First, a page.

Antimicrobial peptides (AMPs) are key components of innate immune systems. Because of their lasting potency, AMPs are regarded as useful candidates for developing the next generation of antimicrobials to meet the challenge of antibiotic resistance. According to CDC, 90% infections are related to the difficult-to-treat ESKAPE pathogens, including Enterococcus faecium, Staphylococcus aureus, Klebsiella pneumoniae, Acinetobacter baumannii, Pseudomonas aeruginosa, and Enterobacter species. In this lecture, I will discuss peptide design based on human cathelicidin LL-37, one of the best-studied host defense peptides. Both synthetic peptide library and structure-based design methods were utilized to identify the active regions. Although challenging, the determination of the 3D structure of LL-37 enabled the identification of the core antimicrobial region in 2006. However, the minimal region of LL-37 can be function-dependent. In 2014, we reported successful conversion of LL-37 into17BIPHE2, a stable, selective, and potent antimicrobial, antibiofilm, and anticancer peptide. The European group identified IG-24 derived P60.4 by using the peptide library approach. In 2018, they selected SAAP-148 as a candidate with a reduced binding to blood plasma. Interestingly, both 17BIPHE2 and SAAP-148 eliminated the ESKAPE pathogens and showed topical in vivo antibiofilm efficacy. In addition, a better antibiofilm outcome could be obtained when 17BIPHE2 was used in combination with traditional antibiotics. Finally, I summarize what we have learned from human LL-37 engineering.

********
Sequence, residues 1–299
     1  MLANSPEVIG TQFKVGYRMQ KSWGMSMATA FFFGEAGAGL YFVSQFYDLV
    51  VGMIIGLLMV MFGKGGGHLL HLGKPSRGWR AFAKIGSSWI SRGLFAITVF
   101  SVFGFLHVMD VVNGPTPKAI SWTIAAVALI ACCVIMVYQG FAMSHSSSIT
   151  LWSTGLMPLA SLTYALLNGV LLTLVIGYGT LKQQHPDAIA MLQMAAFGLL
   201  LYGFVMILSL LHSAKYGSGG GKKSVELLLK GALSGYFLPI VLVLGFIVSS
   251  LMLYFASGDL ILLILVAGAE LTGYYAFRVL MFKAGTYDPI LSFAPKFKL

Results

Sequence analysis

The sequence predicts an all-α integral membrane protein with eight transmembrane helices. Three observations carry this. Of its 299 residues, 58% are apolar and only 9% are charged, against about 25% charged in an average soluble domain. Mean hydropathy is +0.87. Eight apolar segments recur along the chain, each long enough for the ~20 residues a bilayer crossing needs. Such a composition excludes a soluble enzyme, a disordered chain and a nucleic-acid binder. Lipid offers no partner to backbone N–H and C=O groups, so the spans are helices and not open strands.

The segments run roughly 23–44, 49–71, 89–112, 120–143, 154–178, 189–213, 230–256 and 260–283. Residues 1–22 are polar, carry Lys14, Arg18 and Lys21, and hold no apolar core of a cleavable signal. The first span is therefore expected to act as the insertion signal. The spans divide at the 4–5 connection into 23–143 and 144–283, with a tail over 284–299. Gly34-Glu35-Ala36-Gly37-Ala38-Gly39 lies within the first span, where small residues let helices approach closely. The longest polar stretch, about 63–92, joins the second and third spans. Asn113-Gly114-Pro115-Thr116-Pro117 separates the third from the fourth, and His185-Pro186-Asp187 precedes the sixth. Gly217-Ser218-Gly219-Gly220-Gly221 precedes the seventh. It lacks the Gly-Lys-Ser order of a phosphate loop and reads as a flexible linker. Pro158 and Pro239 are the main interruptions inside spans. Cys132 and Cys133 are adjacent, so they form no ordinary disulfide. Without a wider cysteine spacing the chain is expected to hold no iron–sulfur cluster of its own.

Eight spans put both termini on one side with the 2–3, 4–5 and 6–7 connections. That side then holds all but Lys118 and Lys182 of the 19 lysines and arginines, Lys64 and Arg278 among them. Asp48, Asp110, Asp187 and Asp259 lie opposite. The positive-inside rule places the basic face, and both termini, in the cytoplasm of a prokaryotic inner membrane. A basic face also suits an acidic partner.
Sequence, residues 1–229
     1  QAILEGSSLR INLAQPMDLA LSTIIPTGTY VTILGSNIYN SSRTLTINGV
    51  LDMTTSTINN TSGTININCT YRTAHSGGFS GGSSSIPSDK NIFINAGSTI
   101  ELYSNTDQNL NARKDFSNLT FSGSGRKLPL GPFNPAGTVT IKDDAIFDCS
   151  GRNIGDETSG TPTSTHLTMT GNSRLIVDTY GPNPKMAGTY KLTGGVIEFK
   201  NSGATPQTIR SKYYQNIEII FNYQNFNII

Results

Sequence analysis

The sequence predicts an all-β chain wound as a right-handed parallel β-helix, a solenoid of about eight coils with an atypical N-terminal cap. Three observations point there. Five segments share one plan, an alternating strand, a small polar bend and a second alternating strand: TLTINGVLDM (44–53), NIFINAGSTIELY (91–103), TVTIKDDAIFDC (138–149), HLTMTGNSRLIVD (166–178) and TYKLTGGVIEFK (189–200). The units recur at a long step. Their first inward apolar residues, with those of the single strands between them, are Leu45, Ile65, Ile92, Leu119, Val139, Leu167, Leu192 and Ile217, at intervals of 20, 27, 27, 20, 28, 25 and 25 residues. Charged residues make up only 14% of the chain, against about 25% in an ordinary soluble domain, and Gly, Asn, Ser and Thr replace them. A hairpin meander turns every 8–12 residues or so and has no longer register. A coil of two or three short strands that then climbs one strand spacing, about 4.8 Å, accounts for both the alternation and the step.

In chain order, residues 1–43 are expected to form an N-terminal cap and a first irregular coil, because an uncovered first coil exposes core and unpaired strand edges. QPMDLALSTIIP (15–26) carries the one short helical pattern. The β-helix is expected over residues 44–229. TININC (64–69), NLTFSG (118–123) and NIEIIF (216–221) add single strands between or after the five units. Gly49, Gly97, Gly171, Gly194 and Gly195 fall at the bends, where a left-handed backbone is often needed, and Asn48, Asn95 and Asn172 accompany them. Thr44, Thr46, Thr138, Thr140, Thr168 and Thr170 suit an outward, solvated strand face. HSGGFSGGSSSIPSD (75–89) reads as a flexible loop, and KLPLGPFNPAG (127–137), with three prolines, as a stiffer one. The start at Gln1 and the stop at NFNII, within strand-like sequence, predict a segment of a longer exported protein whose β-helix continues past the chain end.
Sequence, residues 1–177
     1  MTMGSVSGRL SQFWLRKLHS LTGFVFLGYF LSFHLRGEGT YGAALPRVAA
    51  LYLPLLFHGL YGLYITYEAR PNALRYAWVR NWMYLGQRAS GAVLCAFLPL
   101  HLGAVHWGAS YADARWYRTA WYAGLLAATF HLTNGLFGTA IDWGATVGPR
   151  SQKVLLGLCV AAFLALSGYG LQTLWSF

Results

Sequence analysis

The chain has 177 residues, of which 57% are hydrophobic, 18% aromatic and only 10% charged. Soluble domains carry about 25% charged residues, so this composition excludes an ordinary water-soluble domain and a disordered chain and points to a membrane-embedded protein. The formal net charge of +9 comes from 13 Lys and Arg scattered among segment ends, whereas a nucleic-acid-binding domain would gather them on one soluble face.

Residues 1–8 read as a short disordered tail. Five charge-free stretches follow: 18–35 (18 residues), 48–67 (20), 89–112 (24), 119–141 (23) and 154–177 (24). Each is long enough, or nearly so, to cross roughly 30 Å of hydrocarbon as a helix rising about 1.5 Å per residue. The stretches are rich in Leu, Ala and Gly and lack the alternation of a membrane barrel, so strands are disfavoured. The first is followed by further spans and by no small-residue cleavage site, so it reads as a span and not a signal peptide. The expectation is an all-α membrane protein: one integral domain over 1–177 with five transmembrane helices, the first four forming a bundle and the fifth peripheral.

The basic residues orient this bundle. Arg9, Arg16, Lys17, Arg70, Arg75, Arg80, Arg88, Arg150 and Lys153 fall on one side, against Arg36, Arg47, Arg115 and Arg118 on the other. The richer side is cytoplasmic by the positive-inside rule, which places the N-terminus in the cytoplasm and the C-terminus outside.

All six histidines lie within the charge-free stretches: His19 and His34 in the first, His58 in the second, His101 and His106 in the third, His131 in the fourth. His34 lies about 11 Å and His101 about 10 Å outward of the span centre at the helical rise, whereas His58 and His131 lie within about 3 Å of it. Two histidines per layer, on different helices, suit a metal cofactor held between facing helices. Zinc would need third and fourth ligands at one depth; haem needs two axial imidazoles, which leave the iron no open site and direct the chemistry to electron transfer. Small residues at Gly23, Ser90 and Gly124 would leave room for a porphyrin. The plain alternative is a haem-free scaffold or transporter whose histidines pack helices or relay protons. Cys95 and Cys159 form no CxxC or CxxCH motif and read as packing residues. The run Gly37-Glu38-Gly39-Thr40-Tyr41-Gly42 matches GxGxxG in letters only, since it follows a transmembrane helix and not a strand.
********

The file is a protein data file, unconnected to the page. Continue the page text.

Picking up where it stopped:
Video from the Keynote Speaker Dr. Guangshun Wang can be found: